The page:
He also has a recommendation to avoid Fed capital gains tax on selling some of the bio-medical stock in 2020. This involves reducing her income to under $40K by skipping the IRA RMD this year (permission granted by the Fed CAREs act). This avoids Fed capital gains tax but not state cap gains tax which could be substantial. I'm investigating.

I agree with this suggestion, limiting the amount sold to stay in the "zero" capital gains bracket. Even though it is a good company, the percentage of total portfolio (~14%) in this one stock is a significant risk.
So I agree with two out of three, and if necessary for peace in the family even the third isn't terrible.
Prediction is very difficult, especially about the future - Niels Bohr | To get the "risk premium", you really do have to take the risk - nisiprius

deltaneutral83
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Re: Advice on Mom's retirement accounts

Post by deltaneutral83 » Tue May 19, 2020 11:25 am

Splicing up the total market is sketchy to me. Who has the time and what good is it, possibly more efficient tax lost harvesting? At the age of the account holder, not even close to being worth it unless I'm missing something? I don't necessarily disagree with the bond issue, she's in a low tax bracket, the munis probably need to be present for someone in a high tax bracket which it does not appear to be the case. Keeping taxable income to the top of the 12% bracket lets you take capital gains at 0%, that's good advice. With half a million in the taxable, we can assume that's throwing off 10-15k of dividends? Don't know the entire income picture but selling some of the single stock but staying in the 12% bracket and avoiding those capital gains works I imagine. Even if you mis-measure selling of the single stock say on Dec 31, you will only be charged CG of 15% on the dollars that go into the next tax bracket so you don't have to measure it out 100% accurately especially when you consider the alternative which is the risk of a single stock holding but it doesn't even appear that it represents 10% of the portfolio so it might not even be worth the trouble.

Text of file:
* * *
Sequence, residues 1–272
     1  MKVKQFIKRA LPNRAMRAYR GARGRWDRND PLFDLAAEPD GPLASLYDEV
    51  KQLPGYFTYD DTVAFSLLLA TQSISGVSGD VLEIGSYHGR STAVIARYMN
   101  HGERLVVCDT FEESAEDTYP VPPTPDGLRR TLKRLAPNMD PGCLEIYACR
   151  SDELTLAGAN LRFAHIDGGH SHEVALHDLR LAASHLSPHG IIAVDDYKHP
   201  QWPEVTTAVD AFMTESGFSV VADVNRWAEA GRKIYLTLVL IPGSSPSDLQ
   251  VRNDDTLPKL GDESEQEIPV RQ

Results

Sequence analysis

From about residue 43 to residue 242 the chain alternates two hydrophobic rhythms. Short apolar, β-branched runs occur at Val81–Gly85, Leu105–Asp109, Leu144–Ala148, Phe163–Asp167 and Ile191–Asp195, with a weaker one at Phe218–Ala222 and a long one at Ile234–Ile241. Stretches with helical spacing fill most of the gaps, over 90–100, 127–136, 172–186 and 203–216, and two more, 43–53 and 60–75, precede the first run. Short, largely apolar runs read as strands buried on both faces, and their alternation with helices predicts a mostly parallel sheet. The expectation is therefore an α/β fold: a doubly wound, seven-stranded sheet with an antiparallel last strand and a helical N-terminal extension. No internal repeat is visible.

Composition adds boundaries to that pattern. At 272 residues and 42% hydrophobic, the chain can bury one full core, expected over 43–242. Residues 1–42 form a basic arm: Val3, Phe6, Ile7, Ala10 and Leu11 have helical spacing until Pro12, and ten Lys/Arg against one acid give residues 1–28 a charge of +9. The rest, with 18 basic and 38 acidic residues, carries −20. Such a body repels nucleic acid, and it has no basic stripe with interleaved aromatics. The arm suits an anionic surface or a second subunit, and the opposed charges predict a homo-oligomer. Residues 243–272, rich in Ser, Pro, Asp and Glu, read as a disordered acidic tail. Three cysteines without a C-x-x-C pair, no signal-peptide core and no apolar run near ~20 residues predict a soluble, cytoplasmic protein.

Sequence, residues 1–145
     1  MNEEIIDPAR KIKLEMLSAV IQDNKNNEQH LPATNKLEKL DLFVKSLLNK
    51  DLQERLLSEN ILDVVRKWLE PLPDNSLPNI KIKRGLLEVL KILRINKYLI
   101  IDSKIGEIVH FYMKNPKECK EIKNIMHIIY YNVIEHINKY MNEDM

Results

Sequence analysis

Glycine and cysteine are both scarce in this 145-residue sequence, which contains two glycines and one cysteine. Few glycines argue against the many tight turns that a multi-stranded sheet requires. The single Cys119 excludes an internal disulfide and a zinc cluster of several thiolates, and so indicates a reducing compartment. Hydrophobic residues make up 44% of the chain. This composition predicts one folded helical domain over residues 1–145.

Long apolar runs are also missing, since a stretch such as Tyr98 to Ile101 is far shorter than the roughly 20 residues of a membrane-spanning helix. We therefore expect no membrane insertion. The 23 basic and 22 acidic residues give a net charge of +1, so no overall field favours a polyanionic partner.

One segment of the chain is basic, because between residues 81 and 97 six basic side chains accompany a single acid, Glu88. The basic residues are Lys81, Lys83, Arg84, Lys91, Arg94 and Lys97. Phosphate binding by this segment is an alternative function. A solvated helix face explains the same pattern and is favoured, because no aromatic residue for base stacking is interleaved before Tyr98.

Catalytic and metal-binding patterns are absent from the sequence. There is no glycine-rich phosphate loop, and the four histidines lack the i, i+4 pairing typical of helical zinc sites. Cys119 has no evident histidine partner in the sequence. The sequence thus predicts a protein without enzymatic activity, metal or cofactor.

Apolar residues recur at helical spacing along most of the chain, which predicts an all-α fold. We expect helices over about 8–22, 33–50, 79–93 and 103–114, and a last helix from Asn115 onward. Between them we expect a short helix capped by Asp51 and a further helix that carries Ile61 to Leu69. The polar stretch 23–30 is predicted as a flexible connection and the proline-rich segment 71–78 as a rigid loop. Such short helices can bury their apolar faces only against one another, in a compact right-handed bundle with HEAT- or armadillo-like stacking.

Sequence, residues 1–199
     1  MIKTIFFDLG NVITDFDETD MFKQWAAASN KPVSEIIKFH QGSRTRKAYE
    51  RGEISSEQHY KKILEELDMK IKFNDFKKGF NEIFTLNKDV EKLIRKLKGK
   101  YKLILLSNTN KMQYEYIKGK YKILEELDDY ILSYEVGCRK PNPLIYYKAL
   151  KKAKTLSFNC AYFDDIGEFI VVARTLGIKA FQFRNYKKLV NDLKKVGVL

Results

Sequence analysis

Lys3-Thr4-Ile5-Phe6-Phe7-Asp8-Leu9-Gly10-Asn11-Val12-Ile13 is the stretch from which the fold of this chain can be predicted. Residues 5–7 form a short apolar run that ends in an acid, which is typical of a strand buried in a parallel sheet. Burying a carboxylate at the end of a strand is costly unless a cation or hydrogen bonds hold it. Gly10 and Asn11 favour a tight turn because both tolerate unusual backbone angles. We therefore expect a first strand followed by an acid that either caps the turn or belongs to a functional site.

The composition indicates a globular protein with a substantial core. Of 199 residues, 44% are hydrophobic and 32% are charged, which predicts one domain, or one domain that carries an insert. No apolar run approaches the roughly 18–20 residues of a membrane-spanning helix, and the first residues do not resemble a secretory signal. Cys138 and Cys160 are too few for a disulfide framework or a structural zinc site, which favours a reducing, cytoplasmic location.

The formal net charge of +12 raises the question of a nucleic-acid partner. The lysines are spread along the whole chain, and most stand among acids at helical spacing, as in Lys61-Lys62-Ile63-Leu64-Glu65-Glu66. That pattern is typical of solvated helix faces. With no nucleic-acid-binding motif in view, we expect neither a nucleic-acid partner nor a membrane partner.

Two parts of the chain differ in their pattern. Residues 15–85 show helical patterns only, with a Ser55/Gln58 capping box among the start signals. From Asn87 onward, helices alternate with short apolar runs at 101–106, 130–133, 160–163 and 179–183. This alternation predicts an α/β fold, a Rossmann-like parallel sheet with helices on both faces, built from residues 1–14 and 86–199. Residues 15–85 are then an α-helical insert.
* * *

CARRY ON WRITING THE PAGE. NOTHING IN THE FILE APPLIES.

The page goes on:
delamer
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Re: Advice on Mom's retirement accounts

Post by delamer » Tue May 19, 2020 11:29 am

Do you know if the cost bases on the assets in the trust will reset when your mother dies?

Depending on the type of trust, they may have reset when your father died but will not do so when your mother does.

RetiredAL
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Re: Advice on Mom's retirement accounts

Post by RetiredAL » Tue May 19, 2020 11:40 am

Winston101 wrote:
Tue May 19, 2020 9:59 am
Thank-you in advance for any insights and advice that you can offer!

I manage my mother's retirement savings. Mom is 97 and in a memory care facility.
I concur with Beehave's comments.

A person that is in already in Memory Care Facility is likely to deficient in enough ADL's ( Activities of Daily Living ) to have the care cost as a deductible medical expense. This could change her the tax situation a lot, especially with respect to possibly drawing down her IRA quickly. You and your siblings are better off inheriting any residual $ left over from her taxable account than her an IRA account.

As to your investment strategy, IMO risk is a hazard. My thoughts are whatever is thought would be gained with the slice and dice approach your sister suggests is likely to be pretty small peanuts.

I'm in a similar place as you. My Dad is 95 and in Assisted Living, but has a strong Military Retirement and Long Term Insurance is paying his ALF cost. Even with that, I've largely re-structured his investment accounts towards lower risk compared to where it was 18 months ago ago.

Looking4Answers
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Re: Advice on Mom's retirement accounts

Post by Looking4Answers » Tue May 19, 2020 11:52 am

I suspect the rationale between breaking up the total market is to allow for tax loss harvesting. However, besides having to keep up with it, there have been many years through the bull market that there weren't that many opportunities to do this even if a person had different funds/etfs for each asset class. It is fine if someone has the interest and incentive to do this, but there does not seem a compelling reason to change what you have been doing.

Sandwich
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Re: Advice on Mom's retirement accounts

Post by Sandwich » Tue May 19, 2020 12:16 pm

RetiredAL wrote:
Tue May 19, 2020 11:40 am
...
A person that is in already in Memory Care Facility is likely to deficient in enough ADL's ( Activities of Daily Living ) to have the care cost as a deductible medical expense. This could change her the tax situation a lot, especially with respect to possibly drawing down her IRA quickly. You and your siblings are better off inheriting any residual $ left over from her taxable account than her an IRA account....
+ 1

I took this method into account when depleting my late uncle's IRA over a three year period. I coordinated IRA withdrawals and taxable account withdrawals so that his itemized medical expenses resulted in him being in the tax bracket was 0%. I asked his health care provider to provide a written statement documenting uncle's deficiency in ADLs.

From memory, I believe the certification must state deficiency in at least 2 ADLs ( i.e., needs assistance with bathing, transferring, etc.) or having "severe cognitive impairment" ... being in a memory care facility may meet the criteria, depending on her individual prognosis.

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grabiner
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Re: Advice on Mom's retirement accounts